Kiteboarding in China: Gisela Pulido claims the skies of Pingtan | Photo: Bromwich/PKRA

Peter Lynn is one of the most experienced kite designers in the world. He produces the largest inflatable kites in the planet, but he also makes kitesurfing kites. Lynn reflects on the role of China in the kite world.

Peter Lynn has a busy agenda. The New Zealand engineer is constantly traveling and adding new layers of knowledge in the kite making territory. In a recent newsletter, Lynn dissected the latest developments in China, when it comes to producing kites.

"Ten years ago, kites for sale [in China] were complete rubbish; they cost less than a dollar including line, but generally wouldn't hang together long enough to get into the air, even in the hands of experienced fliers," underlines Peter Lynn.

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Francisco Lufinha: 36 hours in a pool

Francisco Lufinha will try to complete a 1000-kilometer (539 nautical miles) kitesurfing challenge between Lisbon to Madeira Island.

The Portuguese kiteboarder expects to complete the goal in between 36 and 43 hours, which means two nights crossing the stormy waters of the Atlantic Ocean.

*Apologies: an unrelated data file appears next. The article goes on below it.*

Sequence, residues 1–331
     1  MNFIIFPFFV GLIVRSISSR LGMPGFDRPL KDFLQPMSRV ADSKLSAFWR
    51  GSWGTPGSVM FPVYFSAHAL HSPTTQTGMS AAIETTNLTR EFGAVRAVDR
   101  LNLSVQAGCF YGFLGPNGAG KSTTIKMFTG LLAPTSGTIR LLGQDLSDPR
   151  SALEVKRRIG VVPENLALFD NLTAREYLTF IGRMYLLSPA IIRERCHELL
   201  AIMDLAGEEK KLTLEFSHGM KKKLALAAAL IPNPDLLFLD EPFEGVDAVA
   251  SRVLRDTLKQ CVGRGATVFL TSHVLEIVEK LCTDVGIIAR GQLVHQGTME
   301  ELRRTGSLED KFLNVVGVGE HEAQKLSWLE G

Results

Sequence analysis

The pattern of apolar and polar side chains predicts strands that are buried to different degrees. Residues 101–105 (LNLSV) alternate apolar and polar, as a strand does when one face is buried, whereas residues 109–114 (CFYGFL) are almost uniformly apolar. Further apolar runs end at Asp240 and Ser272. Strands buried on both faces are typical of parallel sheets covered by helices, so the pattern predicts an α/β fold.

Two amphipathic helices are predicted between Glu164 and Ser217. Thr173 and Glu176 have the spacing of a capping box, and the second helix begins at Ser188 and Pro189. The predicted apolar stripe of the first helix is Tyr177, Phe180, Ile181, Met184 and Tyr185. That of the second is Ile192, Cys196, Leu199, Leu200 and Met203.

If successful, Francisco will not only be the first person to connect the Portuguese capital to the Madeira archipelago on a kite board, but he will also break his own world record of the longest non-stop kite journey.

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Amsterdam: not a reasonable kite spot, Kevin

Kevin Langeree went kiteboarding in the heart of Amsterdam, The Netherlands, during one of the strongest wind storms of the year.

On the 31st March, 2015, the Dutch rider living in Cape Town, South Africa, decided to do something unreasonable. But before you read and watch the rest of the story, and as a wise advice, please don't try this at in your local town.

Anyway, under 50+ knots of wind, Kevin took to the water for an urban kiteboard session in Amsterdam. He had one goal: reach Amsterdam Central Station and not to get busted by the police along the way.

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